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Black OdysseysThe Homeric Odyssey in the African Diaspora since 1939$
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Justine McConnell

Print publication date: 2013

Print ISBN-13: 9780199605002

Published to Oxford Scholarship Online: September 2013

DOI: 10.1093/acprof:oso/9780199605002.001.0001

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The ‘Unread’ Homer: Derek Walcott’s Omeros and The Odyssey: A Stage Version

The ‘Unread’ Homer: Derek Walcott’s Omeros and The Odyssey: A Stage Version

Chapter:
(p.106) (p.107) 3 The ‘Unread’ Homer: Derek Walcott’s Omeros and The Odyssey: A Stage Version
Source:
Black Odysseys
Author(s):

Justine McConnell

Publisher:
Oxford University Press
DOI:10.1093/acprof:oso/9780199605002.003.0004

This chapter offers complex responses to Homer’s epics, which engage with Homer’s centrality to the Western canon, and, in a move that reflects the ‘hybridity’ Walcott acclaims as a facet of Caribbean identity, are specifically Caribbean as well. At the same time, he is wary of Afrocentrism, as reflected in the nekuian reverse Middle Passage of Omeros. Walcott sees close connections between the two archipelagos of Greece and the Caribbean, while rejecting that either has primacy over the other. His responses to Homer are all the more radical for their refusal either to invert or to collude in the traditional readings of the Odyssey.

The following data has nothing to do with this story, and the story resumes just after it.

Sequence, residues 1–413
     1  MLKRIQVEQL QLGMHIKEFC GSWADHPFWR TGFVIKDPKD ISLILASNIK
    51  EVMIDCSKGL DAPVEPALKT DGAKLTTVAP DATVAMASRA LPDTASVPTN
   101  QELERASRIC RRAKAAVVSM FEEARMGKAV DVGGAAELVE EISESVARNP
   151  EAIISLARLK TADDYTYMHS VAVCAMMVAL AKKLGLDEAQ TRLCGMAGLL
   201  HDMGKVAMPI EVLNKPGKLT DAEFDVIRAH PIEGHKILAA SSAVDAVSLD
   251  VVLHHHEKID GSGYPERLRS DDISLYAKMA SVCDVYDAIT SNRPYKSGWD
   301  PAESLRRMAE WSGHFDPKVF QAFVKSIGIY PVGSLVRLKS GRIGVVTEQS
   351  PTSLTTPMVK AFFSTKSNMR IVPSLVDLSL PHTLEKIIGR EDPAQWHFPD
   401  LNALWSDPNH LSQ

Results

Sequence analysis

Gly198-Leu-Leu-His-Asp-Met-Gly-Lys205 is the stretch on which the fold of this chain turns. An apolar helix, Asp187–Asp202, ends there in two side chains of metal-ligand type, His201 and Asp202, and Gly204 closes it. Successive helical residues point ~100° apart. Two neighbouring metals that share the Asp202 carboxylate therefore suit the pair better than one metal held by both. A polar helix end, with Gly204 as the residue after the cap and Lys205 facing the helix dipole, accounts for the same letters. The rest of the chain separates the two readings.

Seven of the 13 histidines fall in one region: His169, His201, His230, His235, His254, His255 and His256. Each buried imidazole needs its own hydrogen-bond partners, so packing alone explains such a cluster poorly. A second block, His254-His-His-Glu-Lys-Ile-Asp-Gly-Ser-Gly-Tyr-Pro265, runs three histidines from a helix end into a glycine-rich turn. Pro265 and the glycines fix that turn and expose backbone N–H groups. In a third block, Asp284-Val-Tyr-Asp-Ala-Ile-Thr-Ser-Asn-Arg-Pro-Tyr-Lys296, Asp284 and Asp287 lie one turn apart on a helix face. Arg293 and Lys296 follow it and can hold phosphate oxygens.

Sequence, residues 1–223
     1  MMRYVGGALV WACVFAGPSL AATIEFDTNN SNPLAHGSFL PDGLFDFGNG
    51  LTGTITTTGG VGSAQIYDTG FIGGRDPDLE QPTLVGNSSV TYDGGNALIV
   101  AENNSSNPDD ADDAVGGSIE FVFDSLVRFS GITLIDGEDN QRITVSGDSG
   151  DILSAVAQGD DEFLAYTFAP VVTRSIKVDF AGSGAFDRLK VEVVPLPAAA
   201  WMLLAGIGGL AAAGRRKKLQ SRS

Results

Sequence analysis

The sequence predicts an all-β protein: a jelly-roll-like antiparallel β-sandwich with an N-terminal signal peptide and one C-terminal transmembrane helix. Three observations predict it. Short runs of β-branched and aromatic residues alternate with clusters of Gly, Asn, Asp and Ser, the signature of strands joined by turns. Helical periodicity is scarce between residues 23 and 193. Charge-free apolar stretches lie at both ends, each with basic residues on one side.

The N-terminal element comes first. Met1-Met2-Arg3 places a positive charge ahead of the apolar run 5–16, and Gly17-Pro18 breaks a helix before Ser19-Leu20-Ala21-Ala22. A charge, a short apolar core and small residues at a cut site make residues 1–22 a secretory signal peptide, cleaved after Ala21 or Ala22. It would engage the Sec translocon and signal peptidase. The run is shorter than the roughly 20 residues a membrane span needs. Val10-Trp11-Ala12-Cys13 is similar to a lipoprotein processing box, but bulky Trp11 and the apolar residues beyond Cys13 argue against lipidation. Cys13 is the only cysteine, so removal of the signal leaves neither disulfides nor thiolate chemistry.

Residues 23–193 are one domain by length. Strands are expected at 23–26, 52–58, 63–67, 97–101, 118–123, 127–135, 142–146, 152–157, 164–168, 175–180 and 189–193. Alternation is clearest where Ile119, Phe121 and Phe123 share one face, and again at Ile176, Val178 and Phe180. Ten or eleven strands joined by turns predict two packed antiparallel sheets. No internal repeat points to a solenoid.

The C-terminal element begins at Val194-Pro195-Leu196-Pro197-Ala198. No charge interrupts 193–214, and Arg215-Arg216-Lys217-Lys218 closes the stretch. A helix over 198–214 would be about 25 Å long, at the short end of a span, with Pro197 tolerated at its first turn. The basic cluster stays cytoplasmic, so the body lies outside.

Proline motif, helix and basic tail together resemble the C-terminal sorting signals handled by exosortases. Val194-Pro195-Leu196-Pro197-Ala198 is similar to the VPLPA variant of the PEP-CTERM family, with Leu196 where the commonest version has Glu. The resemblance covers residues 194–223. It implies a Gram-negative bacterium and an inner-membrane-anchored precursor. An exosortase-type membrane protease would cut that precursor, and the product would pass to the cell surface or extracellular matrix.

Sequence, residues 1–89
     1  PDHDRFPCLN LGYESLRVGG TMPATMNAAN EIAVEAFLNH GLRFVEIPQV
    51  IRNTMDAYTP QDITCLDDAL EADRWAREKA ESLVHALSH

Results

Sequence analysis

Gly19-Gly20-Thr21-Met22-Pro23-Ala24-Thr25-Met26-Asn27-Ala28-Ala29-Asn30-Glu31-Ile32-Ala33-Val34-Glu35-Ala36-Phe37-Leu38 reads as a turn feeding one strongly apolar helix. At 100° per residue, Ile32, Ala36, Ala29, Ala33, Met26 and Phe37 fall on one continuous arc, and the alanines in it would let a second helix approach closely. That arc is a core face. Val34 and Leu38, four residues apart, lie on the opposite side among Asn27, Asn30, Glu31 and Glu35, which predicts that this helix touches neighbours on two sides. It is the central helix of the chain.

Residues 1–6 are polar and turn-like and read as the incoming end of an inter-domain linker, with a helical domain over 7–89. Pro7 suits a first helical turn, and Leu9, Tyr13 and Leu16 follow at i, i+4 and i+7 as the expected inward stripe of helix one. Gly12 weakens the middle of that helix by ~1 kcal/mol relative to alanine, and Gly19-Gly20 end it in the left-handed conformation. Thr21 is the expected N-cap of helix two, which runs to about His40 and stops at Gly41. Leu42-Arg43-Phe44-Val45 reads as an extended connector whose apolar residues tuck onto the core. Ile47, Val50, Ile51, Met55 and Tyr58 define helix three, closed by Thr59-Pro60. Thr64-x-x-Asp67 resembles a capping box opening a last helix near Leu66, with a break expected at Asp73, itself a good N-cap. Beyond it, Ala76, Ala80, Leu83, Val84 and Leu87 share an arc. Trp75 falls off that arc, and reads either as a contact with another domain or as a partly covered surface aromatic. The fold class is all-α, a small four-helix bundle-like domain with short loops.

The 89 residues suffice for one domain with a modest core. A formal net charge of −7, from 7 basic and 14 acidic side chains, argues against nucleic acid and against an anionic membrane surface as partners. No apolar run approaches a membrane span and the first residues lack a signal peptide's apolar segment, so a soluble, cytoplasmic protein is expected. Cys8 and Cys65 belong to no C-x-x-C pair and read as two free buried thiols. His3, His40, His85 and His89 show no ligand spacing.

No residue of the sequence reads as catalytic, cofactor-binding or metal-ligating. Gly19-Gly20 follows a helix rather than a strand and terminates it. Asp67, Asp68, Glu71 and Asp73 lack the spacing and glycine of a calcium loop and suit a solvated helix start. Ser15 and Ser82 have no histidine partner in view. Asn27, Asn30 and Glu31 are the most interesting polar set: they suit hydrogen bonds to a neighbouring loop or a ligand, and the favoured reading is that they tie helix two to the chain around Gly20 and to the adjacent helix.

Keywords:   Walcott, Omeros Odyssey, Afrocentrism, hybridity, nekuia, combat trauma

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